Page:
Need to add: andie, you say 'more and more people mix feed for the first few days' and while I don't think we know for sure this is true, because the most recent survey we have (Infant Feeding 2005) shows that the use of formula in the first few days is slightly less common (only slightly) than it used to be, it is absolutely not a good thing at all, not as a general recommendation (in individual cases it may be necessary, I know).

The use of a bottle in the early days is associated with a massive increase in risk of cessation of breastfeeding. This is not pure 'cause and effect', I know, but there is no evidence at all that it increases breastfeeding or allows the mother to maintain it - quite the opposite.

andie40 Tue 28-Jul-09 15:51:49

Thank you for your replies i'm just going on my experience and those of my friends and other mothers i've met since my bad experience with my son 5 years ago.

Honestly several people i know this year alone, mix feed those first few days. Their midwives were very suportive about it. Also a friend of mine in Maylasia said she did this too and it's very common over there according to her. I've also been told that alot of asian women believe colostrum isn't healthy for the baby and they bottle feed for the first few days till their milk come in, then sucessfully breast feed.

I do believe it helps rather than hinders mothers to breast feed for longer. Maybe we're in the minority?? Maybe the statistics don't allow for mix feeding?

tiktok Tue 28-Jul-09 16:08:17

andie you may be spotting a trend that has yet to show up in the stats, who knows?

The stats do allow for mixed feeding - the better surveys in the UK and worldwide differentiate between exclusive breastfeeding, predominantly bf, partial bf.

It is not a good thing to introduce formula early as a general principle, and while there is a cultural belief in some parts of the world that colostrum is not healthy, the mothers who believe this need better information from their healthcare providers about how great colostrum is Yes, they may go on to breastfeed afterwards, but it reduces their chances of maintaining breastfeeding.

Teaching women not to withhold colostrum is part of health education programmes in many parts of the world (examples here:

What can I say? The research shows that introduction of formula reduces the chances of a mother building up and maintaining breastfeeding. This may not be the case in individual instances, but it's not something to recommend, put it that way

hercules1 Tue 28-Jul-09 16:18:23

With ds I knew no better and was told he needed formula as he was a big baby. It really mucked up my breastfeeding to begin with and I had no support on the actual breastfeeding. Fortunately I managed and he only had a couple of bottles and I went on to breastfeed exclusively once I'd left the hospital.

7 years later with dd I knew far more. THe midwives were very unhelpful when I refused to give formula ( I was the only one on my ward not mixed feeding due to poor help from midwives). Breastfeeding went really well and didnt give any formula until she was much older.

BlueSmarties Tue 28-Jul-09 18:54:18

this thread really highlights the poor postnatal suport women receive when trying to establish bf.

My experience with ds1 wasn't great - midwives happily made up formula bottles for every other mother on the ward but tutted and moaned very loudly if I asked for help lifting ds1 out of cot to bf - I'd had a GA C-section so wasn't in great shape. Also continually told if it hurt i was doing it wrong - what twaddle, of course it hurts, they've never been sucked for hours at a time before. Thankfully i ignored all advice and ds1 was a great bf'er after a week.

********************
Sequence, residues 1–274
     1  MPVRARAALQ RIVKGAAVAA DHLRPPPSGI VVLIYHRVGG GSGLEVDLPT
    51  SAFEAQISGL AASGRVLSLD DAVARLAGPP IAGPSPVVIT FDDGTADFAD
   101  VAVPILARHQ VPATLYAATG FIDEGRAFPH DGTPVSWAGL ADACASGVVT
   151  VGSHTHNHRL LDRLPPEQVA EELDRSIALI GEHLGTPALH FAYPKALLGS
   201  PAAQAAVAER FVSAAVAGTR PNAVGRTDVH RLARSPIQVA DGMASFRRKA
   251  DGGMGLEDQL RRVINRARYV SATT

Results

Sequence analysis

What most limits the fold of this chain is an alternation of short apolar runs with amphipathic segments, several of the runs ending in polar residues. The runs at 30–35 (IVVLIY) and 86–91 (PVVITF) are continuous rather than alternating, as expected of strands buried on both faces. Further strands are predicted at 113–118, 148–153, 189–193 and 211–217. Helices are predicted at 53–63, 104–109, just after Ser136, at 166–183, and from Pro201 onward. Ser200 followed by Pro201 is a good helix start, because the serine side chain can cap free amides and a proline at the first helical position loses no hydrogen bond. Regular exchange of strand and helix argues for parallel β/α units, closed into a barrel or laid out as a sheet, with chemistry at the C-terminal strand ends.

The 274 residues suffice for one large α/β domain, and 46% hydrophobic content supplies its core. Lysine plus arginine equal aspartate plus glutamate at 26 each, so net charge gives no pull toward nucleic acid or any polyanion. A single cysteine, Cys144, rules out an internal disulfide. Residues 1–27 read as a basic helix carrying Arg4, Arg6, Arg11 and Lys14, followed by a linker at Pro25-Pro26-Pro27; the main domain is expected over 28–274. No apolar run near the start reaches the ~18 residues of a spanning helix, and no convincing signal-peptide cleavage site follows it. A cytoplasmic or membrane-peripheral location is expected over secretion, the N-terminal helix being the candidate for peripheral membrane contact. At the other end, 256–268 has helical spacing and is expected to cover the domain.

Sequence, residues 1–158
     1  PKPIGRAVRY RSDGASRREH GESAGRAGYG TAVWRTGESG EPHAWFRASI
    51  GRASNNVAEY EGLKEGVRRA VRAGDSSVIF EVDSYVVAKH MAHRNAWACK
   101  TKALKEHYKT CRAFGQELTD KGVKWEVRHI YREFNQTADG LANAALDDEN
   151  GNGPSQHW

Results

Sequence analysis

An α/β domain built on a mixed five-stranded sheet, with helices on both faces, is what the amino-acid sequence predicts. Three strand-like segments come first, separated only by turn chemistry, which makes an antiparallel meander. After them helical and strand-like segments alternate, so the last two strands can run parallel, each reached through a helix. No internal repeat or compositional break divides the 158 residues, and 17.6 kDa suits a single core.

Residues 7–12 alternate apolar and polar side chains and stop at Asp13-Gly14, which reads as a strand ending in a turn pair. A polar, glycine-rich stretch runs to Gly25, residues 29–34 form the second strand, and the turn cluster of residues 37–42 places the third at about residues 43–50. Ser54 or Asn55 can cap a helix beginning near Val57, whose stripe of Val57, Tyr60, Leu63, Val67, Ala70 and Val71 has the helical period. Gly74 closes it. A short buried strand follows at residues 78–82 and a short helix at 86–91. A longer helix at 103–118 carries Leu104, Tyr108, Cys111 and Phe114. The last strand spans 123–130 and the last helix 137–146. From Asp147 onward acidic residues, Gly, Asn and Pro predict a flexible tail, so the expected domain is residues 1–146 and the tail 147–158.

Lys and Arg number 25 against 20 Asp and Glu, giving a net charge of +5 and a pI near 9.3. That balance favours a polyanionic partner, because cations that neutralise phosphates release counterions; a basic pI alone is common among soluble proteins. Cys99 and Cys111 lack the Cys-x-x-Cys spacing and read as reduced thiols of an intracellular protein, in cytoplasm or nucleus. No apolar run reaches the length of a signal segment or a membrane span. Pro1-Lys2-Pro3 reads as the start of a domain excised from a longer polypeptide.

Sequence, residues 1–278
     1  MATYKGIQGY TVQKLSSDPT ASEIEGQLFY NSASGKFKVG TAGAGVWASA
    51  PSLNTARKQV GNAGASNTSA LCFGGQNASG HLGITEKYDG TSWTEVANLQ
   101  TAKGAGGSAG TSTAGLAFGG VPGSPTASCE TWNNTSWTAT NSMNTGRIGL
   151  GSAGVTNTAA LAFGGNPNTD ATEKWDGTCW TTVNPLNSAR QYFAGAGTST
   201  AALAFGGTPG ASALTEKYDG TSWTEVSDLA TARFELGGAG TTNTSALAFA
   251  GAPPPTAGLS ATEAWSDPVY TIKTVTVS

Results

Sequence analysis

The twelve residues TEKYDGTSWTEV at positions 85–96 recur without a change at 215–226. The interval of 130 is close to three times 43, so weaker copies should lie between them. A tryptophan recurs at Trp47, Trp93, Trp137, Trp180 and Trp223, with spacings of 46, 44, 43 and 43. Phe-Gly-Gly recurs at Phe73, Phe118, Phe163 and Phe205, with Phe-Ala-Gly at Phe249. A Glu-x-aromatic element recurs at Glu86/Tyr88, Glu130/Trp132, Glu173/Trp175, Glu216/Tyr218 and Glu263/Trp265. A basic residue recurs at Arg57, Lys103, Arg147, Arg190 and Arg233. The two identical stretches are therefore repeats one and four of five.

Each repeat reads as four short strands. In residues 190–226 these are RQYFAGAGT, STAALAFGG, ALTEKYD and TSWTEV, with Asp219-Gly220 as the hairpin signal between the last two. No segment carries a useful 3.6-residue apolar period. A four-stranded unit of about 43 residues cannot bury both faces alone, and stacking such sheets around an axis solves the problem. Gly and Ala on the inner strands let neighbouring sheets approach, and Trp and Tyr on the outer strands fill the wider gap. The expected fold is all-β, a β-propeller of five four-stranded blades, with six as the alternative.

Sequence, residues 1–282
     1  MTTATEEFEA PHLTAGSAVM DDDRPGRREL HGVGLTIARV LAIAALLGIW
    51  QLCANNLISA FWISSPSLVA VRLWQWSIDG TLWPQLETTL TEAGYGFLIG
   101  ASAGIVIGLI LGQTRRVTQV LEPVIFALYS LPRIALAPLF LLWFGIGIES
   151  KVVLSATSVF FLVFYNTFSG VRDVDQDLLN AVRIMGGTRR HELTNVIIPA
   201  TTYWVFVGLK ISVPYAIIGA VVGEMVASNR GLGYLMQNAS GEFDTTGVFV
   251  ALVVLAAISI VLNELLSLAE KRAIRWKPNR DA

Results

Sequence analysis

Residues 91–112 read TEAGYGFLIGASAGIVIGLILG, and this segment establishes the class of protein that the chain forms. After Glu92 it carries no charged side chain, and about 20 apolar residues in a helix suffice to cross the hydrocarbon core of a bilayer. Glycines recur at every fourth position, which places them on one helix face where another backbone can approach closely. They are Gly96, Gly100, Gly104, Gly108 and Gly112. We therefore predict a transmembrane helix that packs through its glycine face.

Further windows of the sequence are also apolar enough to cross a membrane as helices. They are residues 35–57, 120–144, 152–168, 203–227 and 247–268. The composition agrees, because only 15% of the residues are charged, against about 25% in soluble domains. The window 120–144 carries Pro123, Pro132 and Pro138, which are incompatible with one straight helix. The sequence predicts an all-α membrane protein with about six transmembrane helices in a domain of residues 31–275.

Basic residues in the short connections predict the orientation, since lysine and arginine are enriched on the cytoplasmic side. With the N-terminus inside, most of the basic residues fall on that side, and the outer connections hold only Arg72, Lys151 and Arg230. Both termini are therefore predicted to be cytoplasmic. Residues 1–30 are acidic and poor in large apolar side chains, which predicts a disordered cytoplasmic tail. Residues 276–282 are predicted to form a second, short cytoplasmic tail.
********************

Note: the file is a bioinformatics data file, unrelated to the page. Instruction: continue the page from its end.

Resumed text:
brettgirl2 Tue 28-Jul-09 22:35:16

I read all of the theory about exclusive bfing from the start and as a result dd nearly ended up in special care and I gave up bfing because I was scared half to death by it.

Next time, I fully intend to give some formula before my milk comes in. I will be far more likely to succeed that way, whatever the 'theory' says.

HoppityBunny Wed 29-Jul-09 16:31:35

A newborn baby's stomach is only the size of a penny, so you only need a few drops of colostrum each feed to keep a baby fed. A lot of people don't realise. And, newborns cry about absolutely everything at this stage. It's the shock of being born, it all too easy easy to misinterrupt the signs of unsettledness and crying in a baby etc. for hunger. I think.

HoppityBunny Wed 29-Jul-09 16:34:18

As long as the newborn is weeing and is doing a poo then it's fine, if this stops this then panic then and give formula.

Bibelots Wed 29-Jul-09 16:41:15

The American medical model for birth and first few days of a baby's life promotes doing everything as unnaturally as possible IMO.

moondog Wed 29-Jul-09 16:43:48

Well Brett, you are setting yourself up for it to go tits up [quite literally]. You need to know that.

Howdo yuo think people all over the world get on without formula?
Youdon't need to start off on formula in the vast majority of cases.It's normal for milk not to come in straightaway.

AnarchyAunt Wed 29-Jul-09 17:17:28

I thought frequent feeding in the first few days stimulated the milk supply? In which case giving formula to a healthy full term baby isn't necessary or helpful if full BF is to be established.

OP, I don't know your particular circumstances but if your baby was healthy, alert, weeing, pooing etc for the first few days then their 'unhappiness' probably wouldn't have indicated a need for formula.

IMO it is unwise to fiddle with the biological norm without good cause - I'm inclined to think that if colostrum is what there is for those first days, its probably exactly what is needed.